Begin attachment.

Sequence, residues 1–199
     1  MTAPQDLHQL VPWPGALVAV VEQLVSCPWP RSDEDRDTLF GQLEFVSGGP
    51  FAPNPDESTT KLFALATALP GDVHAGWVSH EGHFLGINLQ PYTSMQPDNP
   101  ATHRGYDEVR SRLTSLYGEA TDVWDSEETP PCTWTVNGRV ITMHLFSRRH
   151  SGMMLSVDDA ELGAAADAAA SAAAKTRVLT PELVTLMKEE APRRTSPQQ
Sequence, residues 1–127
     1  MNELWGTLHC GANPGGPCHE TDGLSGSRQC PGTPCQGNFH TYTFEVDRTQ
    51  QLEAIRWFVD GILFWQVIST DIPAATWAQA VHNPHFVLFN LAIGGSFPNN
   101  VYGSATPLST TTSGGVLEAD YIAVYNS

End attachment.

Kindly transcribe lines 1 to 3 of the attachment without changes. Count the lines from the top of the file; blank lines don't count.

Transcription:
Sequence, residues 1–199
     1  MTAPQDLHQL VPWPGALVAV VEQLVSCPWP RSDEDRDTLF GQLEFVSGGP
    51  FAPNPDESTT KLFALATALP GDVHAGWVSH EGHFLGINLQ PYTSMQPDNP